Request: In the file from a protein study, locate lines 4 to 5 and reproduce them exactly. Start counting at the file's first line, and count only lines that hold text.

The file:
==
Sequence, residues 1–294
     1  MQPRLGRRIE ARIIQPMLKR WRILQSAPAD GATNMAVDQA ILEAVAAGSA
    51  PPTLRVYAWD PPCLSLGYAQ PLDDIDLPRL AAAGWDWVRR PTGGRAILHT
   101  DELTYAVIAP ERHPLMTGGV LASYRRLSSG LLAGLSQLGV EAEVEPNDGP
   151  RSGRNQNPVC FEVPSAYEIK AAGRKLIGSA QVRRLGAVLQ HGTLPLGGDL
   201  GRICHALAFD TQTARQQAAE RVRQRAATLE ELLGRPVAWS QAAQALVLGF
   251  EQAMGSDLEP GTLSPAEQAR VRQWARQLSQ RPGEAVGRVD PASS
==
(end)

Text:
   101  DELTYAVIAP ERHPLMTGGV LASYRRLSSG LLAGLSQLGV EAEVEPNDGP
   151  RSGRNQNPVC FEVPSAYEIK AAGRKLIGSA QVRRLGAVLQ HGTLPLGGDL